My final day at Slate was pleasingly ordinary, and included a tricky travel problem, a blown deadline, and several blog posts about politics on the general theme of people Doing It Wrong. Yet I’m really done now—I am at the Texas Tribune Festival this weekend, hence the travel—and can’t stick around much longer. You’ve met that guy, right? The one who keeps saying goodbye at the party then keeps appearing for progressively awkward goodbyes? If not, I’ll illustrate:

No one wants to be in that position. So for all the fun I’ve had at Slate, for all the time I could spend pointing to our—suddenly their—fantastic coverage, it’s time to admit that I’ve already done that, here and here. You should subscribe to Slate Plus. You should follow the team at Bloomberg Politics. And you should be tingling with excitement about what Slate’s political reporters do next. As if through osmosis, this place makes you a better writer, reader, and debater of fine points in comment sections. My goal with this blog and with my stories and podcasts was to cover politics as if you and I were having a conversation, with plenty of context and digression. I learned that from Slate.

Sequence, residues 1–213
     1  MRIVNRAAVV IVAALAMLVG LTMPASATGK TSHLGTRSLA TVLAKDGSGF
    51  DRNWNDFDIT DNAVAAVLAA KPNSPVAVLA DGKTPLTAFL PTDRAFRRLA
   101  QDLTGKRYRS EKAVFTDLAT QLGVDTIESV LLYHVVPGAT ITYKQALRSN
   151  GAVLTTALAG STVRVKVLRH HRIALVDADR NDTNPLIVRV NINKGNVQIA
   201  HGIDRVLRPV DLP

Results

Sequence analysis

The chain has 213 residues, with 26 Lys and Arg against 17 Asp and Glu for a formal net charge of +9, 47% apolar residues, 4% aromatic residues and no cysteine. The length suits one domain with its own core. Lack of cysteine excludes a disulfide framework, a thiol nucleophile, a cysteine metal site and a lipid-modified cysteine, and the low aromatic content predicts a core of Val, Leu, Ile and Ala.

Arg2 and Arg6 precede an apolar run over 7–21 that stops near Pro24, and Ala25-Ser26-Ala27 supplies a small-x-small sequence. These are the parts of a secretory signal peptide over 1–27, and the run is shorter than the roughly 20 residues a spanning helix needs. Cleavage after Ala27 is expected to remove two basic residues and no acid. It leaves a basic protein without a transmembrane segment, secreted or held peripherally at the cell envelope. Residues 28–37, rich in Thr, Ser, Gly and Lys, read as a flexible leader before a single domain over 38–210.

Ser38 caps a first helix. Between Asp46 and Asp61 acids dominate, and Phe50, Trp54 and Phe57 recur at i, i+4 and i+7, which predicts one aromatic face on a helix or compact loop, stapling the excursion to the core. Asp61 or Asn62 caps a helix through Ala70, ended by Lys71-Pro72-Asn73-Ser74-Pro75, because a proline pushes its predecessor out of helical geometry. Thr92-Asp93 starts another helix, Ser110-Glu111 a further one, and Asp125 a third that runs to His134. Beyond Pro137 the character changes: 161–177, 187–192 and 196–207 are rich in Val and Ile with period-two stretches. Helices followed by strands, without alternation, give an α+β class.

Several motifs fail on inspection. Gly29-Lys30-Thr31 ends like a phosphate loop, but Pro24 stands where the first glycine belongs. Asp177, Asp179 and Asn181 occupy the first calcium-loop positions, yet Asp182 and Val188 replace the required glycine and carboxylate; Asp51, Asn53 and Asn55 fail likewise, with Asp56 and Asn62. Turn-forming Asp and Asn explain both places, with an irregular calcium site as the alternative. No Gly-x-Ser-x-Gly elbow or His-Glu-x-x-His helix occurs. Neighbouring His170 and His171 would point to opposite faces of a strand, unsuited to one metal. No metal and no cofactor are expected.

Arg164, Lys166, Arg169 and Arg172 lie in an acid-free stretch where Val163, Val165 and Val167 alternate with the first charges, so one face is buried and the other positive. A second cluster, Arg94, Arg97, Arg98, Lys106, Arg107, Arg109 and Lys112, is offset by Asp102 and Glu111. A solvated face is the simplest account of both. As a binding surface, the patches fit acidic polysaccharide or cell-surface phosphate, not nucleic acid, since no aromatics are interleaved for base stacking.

To the commenters: Thank you for all the lively and funny and “oh, I didn’t think of that”-filled conversations. I would have engaged in more of them, had I not learned that the busiest threads were often the ones where people made jokes about my typos. This is the Internet, and typos can be fixed in real time instead of crying over a botched print issue. But more people should follow the example of Auros Harman and traumatize writers directly, by emailing them about their pratfalls, instead of snarking below the posts. Every moment you spend publicly dunking on a writer for forgetting an “L” in “Hillary Clinton,” and insisting that this error of eyesight or finger movement proves that the author’s entire argument or story is worthless, is a moment you could have been working on the great American novel.

And in closing: I was going to write a quick item yesterday about the 1987 folk album/interview tape released by then-Burlington, Vermont Mayor Bernie Sanders. Asawin Suebsaeng beat me to it, and beat me to my angle, of talking to music critics about the relative worth of this art.

I talked to a critic anyway.

“It’s funny,” wrote Pitchfork senior editor Ryan Dombal in an email. “Bernie’s spoken word parts make this weirdly distinct and actually more powerful than it would be otherwise. It’s like if Dylan was a little out of it after dental surgery and decided to crash Peter, Paul and Mary’s ‘Blowing in the Wind’ session.”

Readers: Live every day like you’re high on novocaine and crashing a folk music studio session.